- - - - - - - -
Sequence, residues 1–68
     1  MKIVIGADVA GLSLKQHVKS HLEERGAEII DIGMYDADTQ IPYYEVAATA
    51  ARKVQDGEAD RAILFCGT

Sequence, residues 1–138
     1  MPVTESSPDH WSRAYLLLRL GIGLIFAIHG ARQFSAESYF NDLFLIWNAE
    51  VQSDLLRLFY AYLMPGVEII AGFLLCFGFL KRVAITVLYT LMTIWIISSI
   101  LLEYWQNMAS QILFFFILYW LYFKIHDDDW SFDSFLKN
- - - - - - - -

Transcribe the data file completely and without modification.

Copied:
Sequence, residues 1–68
     1  MKIVIGADVA GLSLKQHVKS HLEERGAEII DIGMYDADTQ IPYYEVAATA
    51  ARKVQDGEAD RAILFCGT

Sequence, residues 1–138
     1  MPVTESSPDH WSRAYLLLRL GIGLIFAIHG ARQFSAESYF NDLFLIWNAE
    51  VQSDLLRLFY AYLMPGVEII AGFLLCFGFL KRVAITVLYT LMTIWIISSI
   101  LLEYWQNMAS QILFFFILYW LYFKIHDDDW SFDSFLKN